Phoenix' Musical Instrument Museum Hits All the Right Notes

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Phoenix MusicalIf you’re a family that avoids museums on vacation, take note— Phoenix’ newest museum strikes a major chord with kids of all ages. 

Sound Technology

This architecturally stunning new building on 20 acres in Northern Phoenix hits plenty of high notes, but the most noteworthy element of the Musical Instrument Museum (MIM) is its innovative use of new technology.

Every visitor gets a set of headphones. Okay, you say, you can find that at almost any museum. Not like this. Most museums require you repeatedly punch in a code to hear commentary about different paintings or displays—cumbersome for adults, confusing for kids. MIM has done the work for you. No special codes to type in— you just step in front of an instrument and the audio starts playing automatically on your headset. It makes for a much more relaxing and enjoyable museum experience. 

colombia400With your headphones on, MIM curators know they have your full attention, and they make great use of it, bringing the sounds of the world right to you. The museum is home to over 12,000 instruments, categorized by nationality. You not only feel like you’re getting a music lesson, but a history and anthropology lesson as well. 

Pipe Dreams

There are so many instruments on display that you’ve never heard of, made of everything you can imagine— bones, hides, gourds, antlers. You name it and it seems someone’s tried to make music with it.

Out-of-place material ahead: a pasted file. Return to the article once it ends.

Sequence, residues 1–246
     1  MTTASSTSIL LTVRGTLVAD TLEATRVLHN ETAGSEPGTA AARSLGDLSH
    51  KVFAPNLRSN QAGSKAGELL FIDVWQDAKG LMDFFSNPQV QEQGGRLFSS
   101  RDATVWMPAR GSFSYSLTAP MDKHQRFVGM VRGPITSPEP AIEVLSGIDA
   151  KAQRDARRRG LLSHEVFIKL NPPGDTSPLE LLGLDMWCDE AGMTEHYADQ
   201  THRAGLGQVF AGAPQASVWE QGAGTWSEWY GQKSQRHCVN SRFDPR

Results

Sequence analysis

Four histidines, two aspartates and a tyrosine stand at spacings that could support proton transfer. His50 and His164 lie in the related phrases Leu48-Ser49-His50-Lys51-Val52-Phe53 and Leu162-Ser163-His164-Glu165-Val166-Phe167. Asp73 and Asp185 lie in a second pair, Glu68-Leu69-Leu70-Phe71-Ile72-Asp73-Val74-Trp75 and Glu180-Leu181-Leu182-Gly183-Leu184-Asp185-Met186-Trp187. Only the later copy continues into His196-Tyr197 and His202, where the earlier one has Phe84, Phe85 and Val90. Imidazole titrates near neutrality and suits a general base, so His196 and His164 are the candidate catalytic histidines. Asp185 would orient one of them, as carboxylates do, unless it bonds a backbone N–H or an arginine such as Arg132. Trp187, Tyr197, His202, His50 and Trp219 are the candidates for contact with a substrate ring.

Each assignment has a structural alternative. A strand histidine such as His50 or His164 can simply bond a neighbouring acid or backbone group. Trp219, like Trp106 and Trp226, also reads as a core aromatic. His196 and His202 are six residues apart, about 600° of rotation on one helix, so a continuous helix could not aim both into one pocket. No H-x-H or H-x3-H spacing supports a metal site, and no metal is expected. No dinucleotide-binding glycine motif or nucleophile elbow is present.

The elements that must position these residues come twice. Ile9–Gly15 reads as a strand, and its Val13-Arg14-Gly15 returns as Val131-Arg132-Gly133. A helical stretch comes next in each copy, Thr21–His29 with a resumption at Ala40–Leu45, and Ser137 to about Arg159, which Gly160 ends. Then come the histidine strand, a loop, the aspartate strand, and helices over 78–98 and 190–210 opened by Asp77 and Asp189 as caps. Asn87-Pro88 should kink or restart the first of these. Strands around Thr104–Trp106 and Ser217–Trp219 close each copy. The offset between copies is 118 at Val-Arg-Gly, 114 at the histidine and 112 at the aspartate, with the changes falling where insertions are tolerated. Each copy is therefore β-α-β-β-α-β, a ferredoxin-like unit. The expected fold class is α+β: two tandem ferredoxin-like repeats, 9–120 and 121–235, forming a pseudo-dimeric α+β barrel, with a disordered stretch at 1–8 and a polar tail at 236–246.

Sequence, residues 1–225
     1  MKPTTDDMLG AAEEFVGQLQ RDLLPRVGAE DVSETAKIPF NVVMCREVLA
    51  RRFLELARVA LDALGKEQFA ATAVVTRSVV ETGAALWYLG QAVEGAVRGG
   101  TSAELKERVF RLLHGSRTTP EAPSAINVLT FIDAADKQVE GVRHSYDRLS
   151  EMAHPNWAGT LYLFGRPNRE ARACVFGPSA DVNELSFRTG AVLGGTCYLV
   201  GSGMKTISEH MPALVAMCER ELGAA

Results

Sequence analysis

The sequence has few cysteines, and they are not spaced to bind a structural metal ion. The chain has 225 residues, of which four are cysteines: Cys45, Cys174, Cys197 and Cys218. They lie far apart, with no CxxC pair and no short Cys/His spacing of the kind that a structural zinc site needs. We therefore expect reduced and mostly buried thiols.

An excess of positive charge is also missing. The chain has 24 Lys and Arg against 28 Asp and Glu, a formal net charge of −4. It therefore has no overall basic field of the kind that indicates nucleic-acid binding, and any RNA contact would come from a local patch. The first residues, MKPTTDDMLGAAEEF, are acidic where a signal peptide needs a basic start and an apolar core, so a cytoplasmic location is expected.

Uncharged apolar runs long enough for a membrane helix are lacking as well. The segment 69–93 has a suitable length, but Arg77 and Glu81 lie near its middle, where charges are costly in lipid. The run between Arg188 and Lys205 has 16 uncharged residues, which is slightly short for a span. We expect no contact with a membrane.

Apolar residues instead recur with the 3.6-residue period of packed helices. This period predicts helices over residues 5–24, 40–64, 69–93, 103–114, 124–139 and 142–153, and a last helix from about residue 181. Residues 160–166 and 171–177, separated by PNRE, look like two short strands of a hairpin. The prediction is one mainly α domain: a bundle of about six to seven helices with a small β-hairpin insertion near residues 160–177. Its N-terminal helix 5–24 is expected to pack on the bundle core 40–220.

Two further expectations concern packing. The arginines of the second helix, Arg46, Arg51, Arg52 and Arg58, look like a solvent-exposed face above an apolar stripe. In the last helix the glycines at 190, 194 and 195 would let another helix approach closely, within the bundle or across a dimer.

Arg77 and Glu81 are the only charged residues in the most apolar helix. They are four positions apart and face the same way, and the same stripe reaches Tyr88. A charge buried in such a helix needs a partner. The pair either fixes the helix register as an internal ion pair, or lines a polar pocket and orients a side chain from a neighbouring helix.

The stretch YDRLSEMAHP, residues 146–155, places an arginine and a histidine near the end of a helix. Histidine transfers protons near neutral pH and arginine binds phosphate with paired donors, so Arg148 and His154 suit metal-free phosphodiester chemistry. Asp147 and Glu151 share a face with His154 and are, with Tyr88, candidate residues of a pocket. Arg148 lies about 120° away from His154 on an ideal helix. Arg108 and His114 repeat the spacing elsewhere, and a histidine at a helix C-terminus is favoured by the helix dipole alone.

Who wouldn’t get a kick out of this massive organ we discovered in the Mechanical Music Gallery? 

organ400Classic Rock

Although ethnomusicologists will have a field day here, you’ll find the heart of rock-n-roll is still beating as well. Eric Clapton and Paul Simon’s guitars are on display, as well as John Lennon’s piano and other rock-n-roll memorabilia.

Touch and Go

Thankfully our last stop was the Experience Gallery, where you’re invited to finally touch and play the instruments. You can pluck a harp, bang a gong, or get a charge out of a truly bizarre electronic instrument. I’d save this gallery for last so kids aren’t disappointed not being able to touch everything else.

gong400Sound Advice

I can’t sing the praises of the Musical Instrument Museum enough. I’d recommend it for kids over 5. My 3 year old daughter wanted to touch everything, which can be a problem, but my 11 and 13 year old boys had a great time. 

The next time you’re in the Valley of the Sun, take a break from the heat and take note of the Musical Instrument  Museum. 

Admission price: Adults $15, kids $10, 5 and under free

Andrea Guthmann is a freelance journalist focusing on family travel. She spent many years as a writer/producer for WTTW-TV, the PBS station in Chicago. Here travel stories have appeared in the Chicago Tribune, Chicago Sun-Times, Chicago Parent and on-line travel sites.

A native Floridian, Andrea’s now a big (windy) city mom of 3, who range in age from tot to teen. After giving birth to two beautiful children she’s had the joy of becoming a mom again through adoption. She loves sailing Lake Michigan and visiting the world class museums and restaurants in her sweet home Chicago. Being a scenery starved city girl she loves escaping to the outdoors during vacations and is working hard to raise 3 happy campers.

Disclosure:  The Musical Instrument Museum provided my family with tickets for review purposes, but the thoughts expressed are my own.